Save our summer
PUBLISHED: 08:41 10 October 2013 | UPDATED: 08:41 10 October 2013
Tomatoes can be one of the best or the worst products we buy. They are available in most grocery shops and supermarkets all year round, and while some imported varieties, especially in the winter months, may brighten up a dish, but they do very little to add any taste. Take time to make tomato recipes now with the most flavourful summer varieties and freeze as a winter option which will save time and help you create wonderful recipes.
Bobbin Brothers have been producing tomatoes since 1929. The business was started by Herbert Bobbin on the family smallholding in Swardeston, and it is still flourishing there today in the capable hands of Michael Bobbin and his team. Their tomatoes are grown using no pesticides, and on plants which have been pollinated by bees; they supply their many customers, retailers and wholesale businesses with the best possible produce you can find.
Over the years, as their business has grown, the farm shop developed. I remember going as a child with my mother to a small wooden building that sold the produce they grew, but now they have a very modern farm shop full of the best possible fruit and vegetables, still with a lot grown by themselves, alongside other locally produced ingredients. You’ll find them on the main road in Swardeston, NR14 8DN; email@example.com
Cream of tomato soup
This a very simple but lovely soup recipe. You can add fresh herbs, but if you do, add them just before serving, tasting as you do so as they can overpower the taste. This recipe will freeze well; cook the tomatoes and whizz them, then freeze the tomato base.
2 banana shallots chopped
1.5kg ripe cherry tomatoes
4 cloves garlic
130ml double cream
A good pinch of sea salt, cayenne and celery salt.
1 Melt the butter over a gentle heat and soften onions for a good five minutes. Add the garlic for a couple more minutes, then add the tomatoes and cook for about 20 minutes until the tomatoes are soft.
2 Whizz or liquidise, and pass the soup though a sieve. Return to a clean pan, add the cream and season to taste.
Tomato tart tatin
This is a recipe which doesn’t need a formal written recipe! You can change the syrup, use what ever variety or size of tomato, add herbs and onions or even cream or goats’ cheese before you top with the pastry. If you add a few breadcrumbs you will find they soak up some of the tomato juices, and your tart won’t go too soggy.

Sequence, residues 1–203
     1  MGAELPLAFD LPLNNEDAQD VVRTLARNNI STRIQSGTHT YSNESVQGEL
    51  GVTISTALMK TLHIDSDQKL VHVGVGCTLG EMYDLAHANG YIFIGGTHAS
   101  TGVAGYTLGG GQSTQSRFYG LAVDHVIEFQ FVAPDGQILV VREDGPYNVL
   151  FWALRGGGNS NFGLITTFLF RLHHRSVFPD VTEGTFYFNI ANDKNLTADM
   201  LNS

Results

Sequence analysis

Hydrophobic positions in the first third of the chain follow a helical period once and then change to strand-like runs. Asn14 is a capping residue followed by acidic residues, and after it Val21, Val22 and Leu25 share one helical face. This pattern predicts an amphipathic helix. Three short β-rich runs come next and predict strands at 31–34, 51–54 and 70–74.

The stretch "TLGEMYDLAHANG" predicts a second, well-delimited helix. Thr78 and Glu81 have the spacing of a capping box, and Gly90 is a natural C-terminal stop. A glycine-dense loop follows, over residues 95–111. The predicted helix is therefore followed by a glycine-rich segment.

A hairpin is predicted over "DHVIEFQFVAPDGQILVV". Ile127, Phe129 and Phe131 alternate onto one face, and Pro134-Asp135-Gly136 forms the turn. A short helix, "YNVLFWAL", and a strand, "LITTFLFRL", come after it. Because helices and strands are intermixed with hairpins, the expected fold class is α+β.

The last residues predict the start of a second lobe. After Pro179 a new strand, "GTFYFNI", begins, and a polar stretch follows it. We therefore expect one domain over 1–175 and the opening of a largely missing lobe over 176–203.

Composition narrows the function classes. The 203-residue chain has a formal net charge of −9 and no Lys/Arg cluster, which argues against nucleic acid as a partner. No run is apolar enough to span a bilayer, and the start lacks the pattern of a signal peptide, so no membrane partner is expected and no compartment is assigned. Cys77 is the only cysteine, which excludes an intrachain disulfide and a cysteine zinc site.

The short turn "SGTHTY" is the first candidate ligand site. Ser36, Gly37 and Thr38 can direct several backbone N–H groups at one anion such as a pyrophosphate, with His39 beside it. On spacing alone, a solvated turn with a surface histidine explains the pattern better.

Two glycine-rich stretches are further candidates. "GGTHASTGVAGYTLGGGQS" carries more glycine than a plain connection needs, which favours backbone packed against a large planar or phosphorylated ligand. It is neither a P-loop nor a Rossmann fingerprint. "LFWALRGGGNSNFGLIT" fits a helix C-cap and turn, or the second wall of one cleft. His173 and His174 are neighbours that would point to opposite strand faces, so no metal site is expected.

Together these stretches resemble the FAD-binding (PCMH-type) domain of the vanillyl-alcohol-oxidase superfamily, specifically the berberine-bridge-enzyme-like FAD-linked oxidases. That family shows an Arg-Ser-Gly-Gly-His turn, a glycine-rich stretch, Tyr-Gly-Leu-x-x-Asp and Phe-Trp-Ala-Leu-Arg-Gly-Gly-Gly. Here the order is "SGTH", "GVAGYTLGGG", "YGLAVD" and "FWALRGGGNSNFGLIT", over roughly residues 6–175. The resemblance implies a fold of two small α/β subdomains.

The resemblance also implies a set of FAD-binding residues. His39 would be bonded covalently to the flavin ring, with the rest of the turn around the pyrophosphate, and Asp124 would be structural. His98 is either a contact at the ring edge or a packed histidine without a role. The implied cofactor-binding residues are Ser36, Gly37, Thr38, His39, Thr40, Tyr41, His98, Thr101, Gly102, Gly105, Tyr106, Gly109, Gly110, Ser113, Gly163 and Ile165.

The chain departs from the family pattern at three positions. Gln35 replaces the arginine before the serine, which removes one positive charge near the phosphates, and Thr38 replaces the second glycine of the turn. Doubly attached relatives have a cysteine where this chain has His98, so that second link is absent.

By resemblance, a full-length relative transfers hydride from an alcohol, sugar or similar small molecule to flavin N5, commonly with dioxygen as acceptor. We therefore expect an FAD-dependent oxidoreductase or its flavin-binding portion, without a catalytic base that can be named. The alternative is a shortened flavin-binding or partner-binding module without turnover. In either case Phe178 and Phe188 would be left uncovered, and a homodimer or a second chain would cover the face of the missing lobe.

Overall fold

6tbsp balsamic vinegar
1 shallot, finely sliced
Enough tomatoes to fill the dish or tin, sliced or whole depending on the size.
50g fresh breadcrumbs
A roll of all butter puff pastry
Pre-heat the oven to 200C/gas mark six
Grease and line the base of a spring-form or tart tatin dish with baking parchment.
1 Heat the butter, balsamic and honey together over a gentle heat and reduce slightly. Pour into the base of the tin.
2 Arrange the tomatoes, cut side up, in the tin, making sure there are no gaps. Top with the shallots, then the breadcrumbs, and cover with the puff pastry. Trim and excess and press down the edges sealing the tart.
3 Cook for 25 minutes until the pastry is golden brown. Turn out after allowing to cool for about five minutes. In an Aga, cook on the grid shelf on the floor of the roasting oven.
Serve warm, not long out of the oven, drizzled with a little extra balsamic vinegar.
This really is the essence of ripe English tomatoes. It will freeze and can then be used through the winter months, turned into tomato sorbet or - if you want to be really cheffy - serve a small quantity in a shot glass as an amuse bouche for your guests. Or use both the tomato pulp and essence to make a tomato risotto topped with lots of Parmesan and basil.
In a large bowl mix 2.3kg ripe cherry tomatoes; half a fresh fennel bulb, sliced; two banana shallots, sliced; four cloves of garlic, finely sliced; a tablespoon of sugar, a tablespoon of salt; the leaves from a sprig of tarragon and thyme; 10 basil leaves torn; four drops of Tabasco and two drops of Worcestershire Sauce.
Mix well, then in several batches, whizz in a processor or liquidiser for seven seconds. Return to a large bowl, cover and leave to macerate for three hours. Strain through a muslin cloth. This will give you the most lovely clear tomato essence. Freeze the pulp in small batches and add to pasta dishes.